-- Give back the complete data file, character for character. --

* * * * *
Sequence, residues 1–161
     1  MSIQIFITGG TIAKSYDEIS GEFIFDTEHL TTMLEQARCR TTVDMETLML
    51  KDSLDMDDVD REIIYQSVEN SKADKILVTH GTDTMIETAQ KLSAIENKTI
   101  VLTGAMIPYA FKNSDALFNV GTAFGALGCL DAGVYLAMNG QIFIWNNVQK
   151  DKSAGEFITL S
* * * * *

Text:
Sequence, residues 1–161
     1  MSIQIFITGG TIAKSYDEIS GEFIFDTEHL TTMLEQARCR TTVDMETLML
    51  KDSLDMDDVD REIIYQSVEN SKADKILVTH GTDTMIETAQ KLSAIENKTI
   101  VLTGAMIPYA FKNSDALFNV GTAFGALGCL DAGVYLAMNG QIFIWNNVQK
   151  DKSAGEFITL S